Lilyghz
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Hi

I'm struggling to understand the dopamine hypothesis and how it contributes to schizophrenia. All I've been able to grasp so far that an excess/imabalance of dopamine contributes to schizophrenia but I need a simple yet more detailed understanding of it. I think my problem is that I don't fully comprehend how neurotransmitters work, plus I don't study biology so the biological terms mean nothing to me

Please can anyone explain it to me? I'm clueless :confused:

Thanks in advance
Lily x
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chickensthatfly
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hi i can explain to you how neurotransmitters work.


Nerve impulses always flow in one direction – from the branched extensions called dendrites, down the neuron to the presynaptic terminals.


The join between the presynaptic terminals of one neuron and the dendrites of another is called the synapse. The two neurons do not actually touch each other but are separated by a space called the synaptic cleft.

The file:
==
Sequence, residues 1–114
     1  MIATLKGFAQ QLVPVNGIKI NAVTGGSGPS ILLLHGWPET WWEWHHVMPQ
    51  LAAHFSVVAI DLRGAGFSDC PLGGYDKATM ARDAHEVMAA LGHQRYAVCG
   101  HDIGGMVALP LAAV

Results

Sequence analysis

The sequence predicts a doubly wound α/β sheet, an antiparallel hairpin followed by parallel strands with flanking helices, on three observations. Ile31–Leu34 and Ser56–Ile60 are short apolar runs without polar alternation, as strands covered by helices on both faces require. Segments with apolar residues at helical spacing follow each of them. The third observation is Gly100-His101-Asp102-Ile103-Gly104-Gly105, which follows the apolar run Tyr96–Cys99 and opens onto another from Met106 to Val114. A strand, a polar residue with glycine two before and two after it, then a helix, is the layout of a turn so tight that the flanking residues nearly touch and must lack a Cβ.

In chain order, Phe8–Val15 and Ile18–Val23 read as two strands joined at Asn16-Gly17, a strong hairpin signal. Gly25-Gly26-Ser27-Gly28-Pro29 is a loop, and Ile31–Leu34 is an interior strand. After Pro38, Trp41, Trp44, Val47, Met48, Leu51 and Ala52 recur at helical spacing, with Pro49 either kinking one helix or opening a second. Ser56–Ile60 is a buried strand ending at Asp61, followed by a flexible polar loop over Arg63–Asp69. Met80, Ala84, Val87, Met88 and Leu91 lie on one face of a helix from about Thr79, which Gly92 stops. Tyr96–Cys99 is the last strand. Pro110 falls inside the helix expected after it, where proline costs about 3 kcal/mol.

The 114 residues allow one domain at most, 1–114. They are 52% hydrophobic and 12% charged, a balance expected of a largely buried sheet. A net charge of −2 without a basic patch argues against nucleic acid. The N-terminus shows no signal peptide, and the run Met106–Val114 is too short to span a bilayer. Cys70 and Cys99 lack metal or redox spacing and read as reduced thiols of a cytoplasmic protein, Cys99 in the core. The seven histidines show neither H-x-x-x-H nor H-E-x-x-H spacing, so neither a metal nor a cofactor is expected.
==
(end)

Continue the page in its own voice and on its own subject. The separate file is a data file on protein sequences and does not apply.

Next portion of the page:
When a nerve impulse arrives at a presynaptic terminal it causes neurotransmitters to be released into the synaptic cleft. The neurotransmitters then bind with special “postsynaptic receptors” in the dendrites of the receiving neuron.


When a postsynaptic receptor receives a neurotransmitter it can either cause a nerve impulse to travel down the neuron or it can inhibit a nerve impulse depending on the neurotransmitter released.




this video should help u understand the process


https://www.youtube.com/watch?v=p5zFgT4aofA
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Alicemidgetgem
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I'm not entirely sure because I haven't studied gcse of a level psycology, but dopamine releases positive feelings so when there is a lack of dopamine, the person feels low-people with bipolar have low level of dopamine and high levels of serotonin. People with depression have low levels of serotonin but high levels of dopamine.

Here is a link to explain some more stuff
http://www.medicalnewstoday.com/articles/232248.php]

Sorry that I've not explained it that well but I didn't want to give you the wrong info x
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JamesManc
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(Original post by Alicemidgetgem)
people with bipolar have low level of dopamine and high levels of serotonin. People with depression have low levels of serotonin but high levels of dopamine.
Iz dat true?
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Revenged
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(Original post by Lilyghz)
Hi